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OpenAI announced its newest AI image generation tool yesterday, Dall-E 3. The images look fantastic, and it can do things that no other AI image generator can do. But it lacks a little bit in terms of respect for creator rights.
At a time when AI companies are being sued right and left for copyright infringement — this week’s Author’s Guild lawsuit being just the latest installment — AI companies should pay a little bit more attention to protecting artists and writers.
OpenAI does make a couple of gestures in this regard.
“DALL·E 3 is designed to decline requests that ask for an image in the style of a living artist,” OpenAI said in its announcement.
In addition, creators will also be able to opt out of having their work used as training data – in future models.
These are both steps in the right direction, but they’re half-measures.
First of all, “living artist” is an odd way to phrase it. There are recently-dead artists whose works are under copyright protection, and their estates continue to make money from those works. Creating new AI-generated works in that artist’s style would deprive them of potential income. The artist might not themselves be around to benefit, but they might have wanted that money to go to their children, or to a cause they support.
Second, forcing artists to opt out of having their work used for training is the wrong way to go. Copyrights are granted automatically, whether or not an artists files any legal paperwork, and whether or not the artist defends them in court. Your copyrights are yours. Making artists go through an “opt-out” step for every AI model out there is crazy. Plus, OpenAI’s form requires that artists submit a new opt-out request for every individual image. That’s a lot of work, if you’re a prolific artist. Plus, OpenAI isn’t the only image generator in town. New ones are springing up all over the place. Requiring artists to opt out of every single one is a lot of unpaid work that’s going to be required of them. It’s completely unreasonable.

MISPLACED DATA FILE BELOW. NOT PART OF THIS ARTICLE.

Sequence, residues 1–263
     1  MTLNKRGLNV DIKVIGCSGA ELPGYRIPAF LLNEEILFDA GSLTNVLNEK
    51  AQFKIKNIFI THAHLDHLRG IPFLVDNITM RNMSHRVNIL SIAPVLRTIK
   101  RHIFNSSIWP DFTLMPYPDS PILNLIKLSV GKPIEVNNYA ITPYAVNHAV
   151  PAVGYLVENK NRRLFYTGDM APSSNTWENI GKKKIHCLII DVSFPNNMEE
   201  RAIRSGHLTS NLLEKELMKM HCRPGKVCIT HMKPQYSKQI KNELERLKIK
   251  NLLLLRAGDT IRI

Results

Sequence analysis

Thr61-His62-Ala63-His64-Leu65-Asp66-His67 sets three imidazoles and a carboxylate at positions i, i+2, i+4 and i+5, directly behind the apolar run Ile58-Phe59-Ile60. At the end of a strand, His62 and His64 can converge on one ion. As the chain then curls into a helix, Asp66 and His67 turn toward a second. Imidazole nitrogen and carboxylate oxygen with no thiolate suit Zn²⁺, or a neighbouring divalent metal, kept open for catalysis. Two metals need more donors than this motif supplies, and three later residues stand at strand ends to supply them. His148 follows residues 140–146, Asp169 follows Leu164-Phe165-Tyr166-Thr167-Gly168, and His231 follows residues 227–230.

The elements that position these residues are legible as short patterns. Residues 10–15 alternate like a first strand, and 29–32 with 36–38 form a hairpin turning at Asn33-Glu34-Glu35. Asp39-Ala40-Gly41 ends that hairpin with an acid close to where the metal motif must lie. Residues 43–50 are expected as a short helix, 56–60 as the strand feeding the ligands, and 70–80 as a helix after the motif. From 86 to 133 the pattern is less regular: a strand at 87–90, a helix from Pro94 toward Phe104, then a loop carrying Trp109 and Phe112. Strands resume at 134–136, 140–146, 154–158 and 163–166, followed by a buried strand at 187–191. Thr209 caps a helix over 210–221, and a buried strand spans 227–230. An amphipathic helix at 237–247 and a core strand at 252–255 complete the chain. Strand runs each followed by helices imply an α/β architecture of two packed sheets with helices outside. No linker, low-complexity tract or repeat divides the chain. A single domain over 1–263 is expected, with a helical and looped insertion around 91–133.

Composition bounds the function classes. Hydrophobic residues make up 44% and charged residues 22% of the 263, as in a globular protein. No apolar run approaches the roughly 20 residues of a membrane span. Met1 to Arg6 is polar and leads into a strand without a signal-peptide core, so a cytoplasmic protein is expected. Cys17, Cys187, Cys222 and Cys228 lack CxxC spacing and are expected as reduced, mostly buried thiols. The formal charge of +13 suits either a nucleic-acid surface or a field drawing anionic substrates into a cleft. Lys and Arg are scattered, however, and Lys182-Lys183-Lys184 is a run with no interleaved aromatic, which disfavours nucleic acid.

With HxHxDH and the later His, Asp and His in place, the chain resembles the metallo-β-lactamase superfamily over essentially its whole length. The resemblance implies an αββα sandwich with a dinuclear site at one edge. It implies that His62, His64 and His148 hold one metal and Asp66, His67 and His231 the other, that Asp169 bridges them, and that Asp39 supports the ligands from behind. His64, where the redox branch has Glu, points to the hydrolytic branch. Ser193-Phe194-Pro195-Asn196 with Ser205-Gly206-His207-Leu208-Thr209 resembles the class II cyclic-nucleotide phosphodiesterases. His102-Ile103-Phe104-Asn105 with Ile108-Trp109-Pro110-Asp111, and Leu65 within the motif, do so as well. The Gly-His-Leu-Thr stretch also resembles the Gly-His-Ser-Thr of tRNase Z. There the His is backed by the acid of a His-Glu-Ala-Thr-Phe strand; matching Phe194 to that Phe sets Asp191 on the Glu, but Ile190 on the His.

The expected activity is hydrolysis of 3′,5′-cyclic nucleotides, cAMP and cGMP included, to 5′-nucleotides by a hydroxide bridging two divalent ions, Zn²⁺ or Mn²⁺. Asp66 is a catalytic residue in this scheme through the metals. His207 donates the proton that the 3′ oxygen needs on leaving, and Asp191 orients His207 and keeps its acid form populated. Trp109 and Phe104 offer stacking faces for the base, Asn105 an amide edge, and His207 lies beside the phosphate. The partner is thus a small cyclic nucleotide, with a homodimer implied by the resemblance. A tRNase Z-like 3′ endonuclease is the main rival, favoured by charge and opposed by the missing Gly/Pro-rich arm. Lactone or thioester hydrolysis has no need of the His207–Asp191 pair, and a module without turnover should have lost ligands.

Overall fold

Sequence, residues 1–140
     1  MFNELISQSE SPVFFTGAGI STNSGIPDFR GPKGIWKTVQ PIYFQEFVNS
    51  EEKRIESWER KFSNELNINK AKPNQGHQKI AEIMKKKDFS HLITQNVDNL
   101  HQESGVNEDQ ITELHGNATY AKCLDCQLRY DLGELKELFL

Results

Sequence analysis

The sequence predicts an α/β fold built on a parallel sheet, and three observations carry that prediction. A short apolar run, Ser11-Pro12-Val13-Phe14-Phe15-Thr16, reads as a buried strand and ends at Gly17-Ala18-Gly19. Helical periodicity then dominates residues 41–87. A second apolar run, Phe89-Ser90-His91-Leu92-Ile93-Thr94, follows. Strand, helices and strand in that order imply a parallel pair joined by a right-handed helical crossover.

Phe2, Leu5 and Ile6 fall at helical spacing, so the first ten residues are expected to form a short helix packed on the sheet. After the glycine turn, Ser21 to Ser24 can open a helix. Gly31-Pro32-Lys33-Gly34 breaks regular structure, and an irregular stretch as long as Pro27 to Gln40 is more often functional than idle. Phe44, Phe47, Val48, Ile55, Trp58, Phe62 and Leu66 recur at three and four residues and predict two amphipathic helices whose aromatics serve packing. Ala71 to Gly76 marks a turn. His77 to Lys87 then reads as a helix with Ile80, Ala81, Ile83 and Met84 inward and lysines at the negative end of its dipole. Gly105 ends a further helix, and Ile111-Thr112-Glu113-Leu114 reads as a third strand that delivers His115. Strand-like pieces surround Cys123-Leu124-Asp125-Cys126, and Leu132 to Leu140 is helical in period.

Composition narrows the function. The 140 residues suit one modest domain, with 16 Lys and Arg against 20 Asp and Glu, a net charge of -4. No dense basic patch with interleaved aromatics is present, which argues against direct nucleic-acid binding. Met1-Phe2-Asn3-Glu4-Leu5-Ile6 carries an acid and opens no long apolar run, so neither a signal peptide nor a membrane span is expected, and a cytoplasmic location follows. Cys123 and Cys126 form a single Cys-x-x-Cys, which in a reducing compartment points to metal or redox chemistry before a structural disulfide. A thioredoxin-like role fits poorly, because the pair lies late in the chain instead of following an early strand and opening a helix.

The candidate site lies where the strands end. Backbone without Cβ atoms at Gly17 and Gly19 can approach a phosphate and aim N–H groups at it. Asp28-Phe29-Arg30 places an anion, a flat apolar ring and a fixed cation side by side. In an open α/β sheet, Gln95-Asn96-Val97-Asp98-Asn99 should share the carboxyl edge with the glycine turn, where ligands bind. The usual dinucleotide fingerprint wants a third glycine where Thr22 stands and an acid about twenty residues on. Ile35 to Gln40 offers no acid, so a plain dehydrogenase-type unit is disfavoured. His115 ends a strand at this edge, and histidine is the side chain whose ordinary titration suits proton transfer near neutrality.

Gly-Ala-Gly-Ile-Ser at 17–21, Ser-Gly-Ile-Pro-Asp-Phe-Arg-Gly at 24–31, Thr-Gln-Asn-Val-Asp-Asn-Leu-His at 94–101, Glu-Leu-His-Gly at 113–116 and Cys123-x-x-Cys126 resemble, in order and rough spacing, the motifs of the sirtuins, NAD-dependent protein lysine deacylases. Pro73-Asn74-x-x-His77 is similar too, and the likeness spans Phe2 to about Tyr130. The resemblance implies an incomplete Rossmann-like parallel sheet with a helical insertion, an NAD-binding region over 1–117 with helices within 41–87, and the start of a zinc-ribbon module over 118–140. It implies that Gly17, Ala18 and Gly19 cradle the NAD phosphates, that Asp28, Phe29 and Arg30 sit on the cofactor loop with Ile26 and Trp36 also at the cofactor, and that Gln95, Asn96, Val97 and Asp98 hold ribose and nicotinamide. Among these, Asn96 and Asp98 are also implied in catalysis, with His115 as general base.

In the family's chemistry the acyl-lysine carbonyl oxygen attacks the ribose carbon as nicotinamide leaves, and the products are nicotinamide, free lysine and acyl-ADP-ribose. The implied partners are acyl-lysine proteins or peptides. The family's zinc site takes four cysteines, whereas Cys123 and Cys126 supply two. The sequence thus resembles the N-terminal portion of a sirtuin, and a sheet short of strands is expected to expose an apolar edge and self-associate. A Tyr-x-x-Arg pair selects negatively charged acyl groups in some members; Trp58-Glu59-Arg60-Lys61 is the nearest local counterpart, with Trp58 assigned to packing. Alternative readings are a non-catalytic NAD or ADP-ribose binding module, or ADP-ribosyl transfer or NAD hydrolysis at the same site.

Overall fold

Adobe has figured out a way to train its AI without infringing on anyone intellectual property rights with its Firefly image generator, available as a free stand-alone tool, as part of Photoshop, and as part of Adobe Express. Adobe is so confident in its ability to have a clean training data set that it indemnifies business customers against potential lawsuits. This is a massive step, and shows that the company is putting their money where their mouth is.
Sure, much of the reason why Adobe is able to do this is because it’s already sitting on a giant library of stock images that it owns all the rights to. But the company is going beyond that. It will be giving additional money to artists for the use of their images as training data.
Adobe’s AI image generator doesn’t look as good as Dall-E 3. But it’s roughly on par with Dall-E 2 — and OpenAI has a year head start on Adobe. I expect Adobe’s image quality to improve quickly with further iterations and user feedback. It’s particularly good right now at fantasy images, where accuracy isn’t paramount.
MetaStellar editor and publisher Maria Korolov is a science fiction novelist, writing stories set in a future virtual world. And, during the day, she is an award-winning freelance technology journalist who covers artificial intelligence, cybersecurity and enterprise virtual reality. See her Amazon author page here and follow her on Twitter, Facebook, or LinkedIn. Email her at [email protected]. She is also the editor and publisher of Hypergrid Business, one of the top global sites covering virtual reality.